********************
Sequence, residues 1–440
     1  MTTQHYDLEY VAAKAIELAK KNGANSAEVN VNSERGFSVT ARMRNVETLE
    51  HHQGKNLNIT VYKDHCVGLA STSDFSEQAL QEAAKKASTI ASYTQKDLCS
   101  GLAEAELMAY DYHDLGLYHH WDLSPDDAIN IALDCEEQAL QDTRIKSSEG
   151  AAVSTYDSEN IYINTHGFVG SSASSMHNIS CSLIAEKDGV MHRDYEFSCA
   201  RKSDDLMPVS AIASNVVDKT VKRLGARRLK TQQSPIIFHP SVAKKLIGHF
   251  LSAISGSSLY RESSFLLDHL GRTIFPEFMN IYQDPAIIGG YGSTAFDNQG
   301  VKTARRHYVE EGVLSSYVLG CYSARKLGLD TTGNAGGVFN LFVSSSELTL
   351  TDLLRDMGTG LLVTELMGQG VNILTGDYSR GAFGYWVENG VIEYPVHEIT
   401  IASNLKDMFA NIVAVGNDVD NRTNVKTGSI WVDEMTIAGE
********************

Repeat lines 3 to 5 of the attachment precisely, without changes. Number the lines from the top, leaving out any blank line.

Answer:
    51  HHQGKNLNIT VYKDHCVGLA STSDFSEQAL QEAAKKASTI ASYTQKDLCS
   101  GLAEAELMAY DYHDLGLYHH WDLSPDDAIN IALDCEEQAL QDTRIKSSEG
   151  AAVSTYDSEN IYINTHGFVG SSASSMHNIS CSLIAEKDGV MHRDYEFSCA